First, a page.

Reading Brokeback's loss as an indicator of Hollywood's homophobia, a homophobia that dare not speak its name as such, makes a lot of sense to me, but reading it as an indicator only of homophobia, or even primarily of homophobia, makes me nervous. Actually, I think the big problem with both lines of argument is that they're basically unprovable and can both make use of all the same evidence. Remember how shaky things looked when BBM only got eight nods, missing out in categories like Editing where front-runners usually don't? We can see that as an early sign of BBM's lack of a mandate, or as an early symptom of AMPAS' homophobic rejection of it. And go round and round about it.

I totally take your point about Hollywood's homophobia, but I see it just as much when things like Will & Grace win Emmys for their problematic portrayals as when Brokeback loses its Oscar. Just like Hollywood's racism is just as clear when problematic texts like Driving Miss Daisy (or, for many people, Crash) win as when Do the Right Thing fails to get nominated. Their conservatism is a mainstay, exacerbated no doubt when a major threat or provocation like Brokeback emerges, but I don't think it's ever the only force at work in reaching their decisions. I'm not AT ALL trying to antagonize or brush off you or Nat or anyone else who's reading this as homophobia, just to propose what I think might be other, simultaneous facets behind what happened.

And I loved watching with you, too, babe. And I *love* not being the only person in a room who takes the Academy's choices extremely personally. When Braveheart won, I didn't speak to anyone, even my family, for almost a full day.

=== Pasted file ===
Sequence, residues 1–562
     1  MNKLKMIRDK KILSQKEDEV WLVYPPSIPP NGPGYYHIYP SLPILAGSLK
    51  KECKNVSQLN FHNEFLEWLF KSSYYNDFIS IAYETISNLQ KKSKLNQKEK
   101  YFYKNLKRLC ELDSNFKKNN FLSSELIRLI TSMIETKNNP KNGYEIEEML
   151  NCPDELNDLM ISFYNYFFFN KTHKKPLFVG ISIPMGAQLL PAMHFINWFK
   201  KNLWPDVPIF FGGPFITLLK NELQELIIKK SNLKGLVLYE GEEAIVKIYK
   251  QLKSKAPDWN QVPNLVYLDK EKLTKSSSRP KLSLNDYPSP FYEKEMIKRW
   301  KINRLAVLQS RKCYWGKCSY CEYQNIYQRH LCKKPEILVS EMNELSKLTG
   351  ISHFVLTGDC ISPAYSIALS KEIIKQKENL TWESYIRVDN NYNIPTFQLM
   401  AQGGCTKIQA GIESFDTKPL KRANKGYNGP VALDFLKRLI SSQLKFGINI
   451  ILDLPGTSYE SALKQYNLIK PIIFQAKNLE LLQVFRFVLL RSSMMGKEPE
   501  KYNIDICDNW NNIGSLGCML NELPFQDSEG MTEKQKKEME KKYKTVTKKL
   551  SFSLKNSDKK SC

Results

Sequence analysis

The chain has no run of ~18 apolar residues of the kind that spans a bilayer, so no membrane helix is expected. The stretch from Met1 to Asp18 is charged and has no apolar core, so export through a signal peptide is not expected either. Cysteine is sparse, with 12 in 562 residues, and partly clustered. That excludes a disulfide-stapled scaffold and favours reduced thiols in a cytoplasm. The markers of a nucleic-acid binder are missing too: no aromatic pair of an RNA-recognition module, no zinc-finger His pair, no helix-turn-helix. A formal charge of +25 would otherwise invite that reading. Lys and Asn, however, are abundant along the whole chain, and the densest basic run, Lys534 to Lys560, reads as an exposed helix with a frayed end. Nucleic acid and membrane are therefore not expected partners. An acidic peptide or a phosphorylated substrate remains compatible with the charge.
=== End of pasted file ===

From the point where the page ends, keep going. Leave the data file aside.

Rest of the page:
@JavierAG: I certainly agree with you about Lynch and Malick. They are great artists. Thank God for artists who escape manipulative tactics almost entirely. I only mean to say that criticisms of Crash that stop with "It's manipulative!" have still got to convince me that all manipulation in art is terrible, and of exactly what the movie is manipulating me to feel (what does it mean that I don't interpret the movie in the way so many people allege it *forces* you to interpret it?). One person's epiphany is another person's manipulation, and all year I've been meeting disproportionate numbers of people who feel both ways about both Brokeback and Crash. I can see why someone would vote strongly for or deliberately against either; I know people off the top of my head who would have filled all four of these roles: pro-Crash, pro-BBM, anything-but-Crash (whether they hated the rhetoric, hated the filmmaking, felt manipulated...), anything-but-BBM (tired of the hype, didn't feel the love, homophobic...). People voting against Crash could vote for anything else, since it wasn't perceived as the front-runner anyway; people voting against BBM, including the homophobes, would hardly have voted for anything except Crash, because it was so widely seen as the only movie with a prayer at being the dark horse.

10:12 PM, March 07, 2006  
Blogger qta said...

I LOVE you guys!

5:57 AM, March 08, 2006  
Anonymous Anonymous said...

Brokeback lost because of Hollywood's homophobia therefore I will never watch the Oscar's again.

5:49 PM, August 15, 2006